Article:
A serial-to-parallel shift register (or SIPO: Serial In Parallel Out) lets you take a series of signals on one output and split them up into several separate outputs in parallel. For example, if you don’t have enough GPIO pins on your Raspberry Pi, Arduino, or other computer/microcontroller, you may be able to use a shift register to add more.
In this post, I’ll be looking at the 74HC595, which is an 8-bit SIPO integrated circuit; i.e. it gives you 8 outputs. The advantage of this chip over some dedicated port expanders is that it doesn’t require a complex protocol like I2C or SPI, and it doesn’t need a particular clock speed. That means you can control it with pretty much any digital output channels, and it’s very easy to write simple software to communicate with it.
What does a shift register do?
In general, a shift register is a memory buffer which you write to and/or read from sequentially, depending on the application.
In the case of a serial-to-parallel shift register, you push data onto the beginning of the register, one bit at a time. Each time you do that, the existing data shuffles along to make room. Typically, you keep going until you’ve filled up the register, and then trigger a transfer.
The transfer copies all the data in the shift register over into a separate storage register. This will usually be connected to a series of outputs which all get updated simultaneously. This allows the outputs to hold the current values steady while you re-fill the shift register with the next block of data. You then trigger another transfer to update the outputs, and so on.
Functional overview of a serial-to-parallel shift register
This makes it great for expanding outputs from something like a Raspberry Pi or Arduino. You use 3 of your device’s output pins to give data in serial to the register. It gets converted to parallel, letting you treat it as though you’ve got 8 or 16 (or more) individual output pins. It’s inevitably slower than having actual output pins, but it is effective for many purposes.
One of the great things about these components is that you can ‘daisy-chain’ them together. When you push a bit on to the shift register, the last bit has nowhere to go when everything else shuffles along. This means it usually just gets discarded. However, you can actually redirect it to the input for a second shift register, effectively doubling the output capacity. As long as you’ve got enough power, there’s nothing stopping you from daisy-chaining more. Just be aware that longer chains take more time to update.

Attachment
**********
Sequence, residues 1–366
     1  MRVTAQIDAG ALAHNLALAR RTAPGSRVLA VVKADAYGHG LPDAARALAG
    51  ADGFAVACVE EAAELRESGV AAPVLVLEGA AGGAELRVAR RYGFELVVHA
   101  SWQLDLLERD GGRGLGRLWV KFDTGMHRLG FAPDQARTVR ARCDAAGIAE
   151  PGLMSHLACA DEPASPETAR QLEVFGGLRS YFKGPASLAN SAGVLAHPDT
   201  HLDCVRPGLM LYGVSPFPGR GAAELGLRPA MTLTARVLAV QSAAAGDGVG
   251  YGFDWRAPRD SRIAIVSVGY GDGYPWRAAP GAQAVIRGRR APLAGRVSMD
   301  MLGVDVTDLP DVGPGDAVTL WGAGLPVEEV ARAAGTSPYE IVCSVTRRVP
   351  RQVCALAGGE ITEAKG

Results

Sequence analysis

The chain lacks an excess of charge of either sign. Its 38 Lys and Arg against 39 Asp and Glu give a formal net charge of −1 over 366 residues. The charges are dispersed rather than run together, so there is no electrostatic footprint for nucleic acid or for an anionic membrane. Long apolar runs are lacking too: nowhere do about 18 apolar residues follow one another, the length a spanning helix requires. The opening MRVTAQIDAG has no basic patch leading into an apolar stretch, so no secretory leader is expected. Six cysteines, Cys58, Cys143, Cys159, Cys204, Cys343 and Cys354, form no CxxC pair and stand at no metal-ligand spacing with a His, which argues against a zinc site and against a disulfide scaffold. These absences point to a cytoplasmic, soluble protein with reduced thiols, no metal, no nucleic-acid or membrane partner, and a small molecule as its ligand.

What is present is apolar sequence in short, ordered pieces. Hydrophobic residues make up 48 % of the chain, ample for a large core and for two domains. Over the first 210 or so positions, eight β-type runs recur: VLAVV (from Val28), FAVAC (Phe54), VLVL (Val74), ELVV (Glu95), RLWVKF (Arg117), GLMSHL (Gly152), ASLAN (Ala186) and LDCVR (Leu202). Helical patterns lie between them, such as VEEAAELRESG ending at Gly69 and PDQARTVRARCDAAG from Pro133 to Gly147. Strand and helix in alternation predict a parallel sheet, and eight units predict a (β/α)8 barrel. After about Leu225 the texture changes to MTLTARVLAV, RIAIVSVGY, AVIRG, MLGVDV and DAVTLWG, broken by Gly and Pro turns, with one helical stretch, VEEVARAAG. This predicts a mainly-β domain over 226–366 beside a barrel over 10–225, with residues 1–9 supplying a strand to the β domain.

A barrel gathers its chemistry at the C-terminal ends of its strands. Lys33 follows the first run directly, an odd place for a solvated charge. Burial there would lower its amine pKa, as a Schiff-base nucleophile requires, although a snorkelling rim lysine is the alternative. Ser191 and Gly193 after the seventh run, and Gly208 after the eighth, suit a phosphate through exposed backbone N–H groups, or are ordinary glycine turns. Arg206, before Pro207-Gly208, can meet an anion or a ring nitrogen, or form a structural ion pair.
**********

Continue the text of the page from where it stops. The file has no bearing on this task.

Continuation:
How do you control the shift register?
The 74HC595 is controlled by a data input pin (DS), a shift clock pin (SHCP or SRCLK), and a storage clock pin (STCP or RCLK). They are all active high. In the case of the clock pins, you’ll need to make sure they’re pulled properly low (not floating) in between clock pulses, otherwise you’ll get odd behaviour.
Pin-out diagram of a 74HC595 shift register
When you want to move data onto the register, first set the data input pin (DS) high or low, representing the bit you want to send (i.e. 1 or 0). After that, briefly set the shift clock pin (SHCP) high, and then bring it back to low. Repeat this process as many times as you need to get data where you want it on the register (typically 8 times to fill a single register).
When you want to copy data to the output register, briefly pulse the storage clock pin high, then bring it back to low. (You’ll need to pull the Output Enable (OE) low as well, although as noted below I keep it held low at all times.)
And that’s it! The device is capable of fairly high speeds, so you can whizz quite a bit of data through. Bear in mind that the outputs aren’t capable of handling much load though, so remember to use transistors or similar if you want to power other devices directly.
Be careful of voltages when connecting the shift register to a device. The 74HC595 can work with a range of voltages, including 3.3v for Raspberry Pi, and 5v for most Arduinos. However, check your datasheets! In particular, watch out for the 74HCT595 (notice the “T” in there). It will probably not operate properly at 3.3v.
The supply (Vcc) and ground (GND) pins are hopefully obvious — hook those up to your power supply and ground lines.
The input and clock pins I mentioned above are obviously very important too. You’ll want to connect each of these to a digital output on your device. It would be wise to enable (or manually attach) weak pull-down resistors on these pins too, so that you don’t end up with unpredictable behaviour.
The Master Reset (MR) pin should be held high most of the time (e.g. by bridging it to Vcc). If this pin is pulled low then it will reset the entire shift register, basically filling it with 0’s. You can control this line from your device as well if you want, or connect it to a central reset circuit.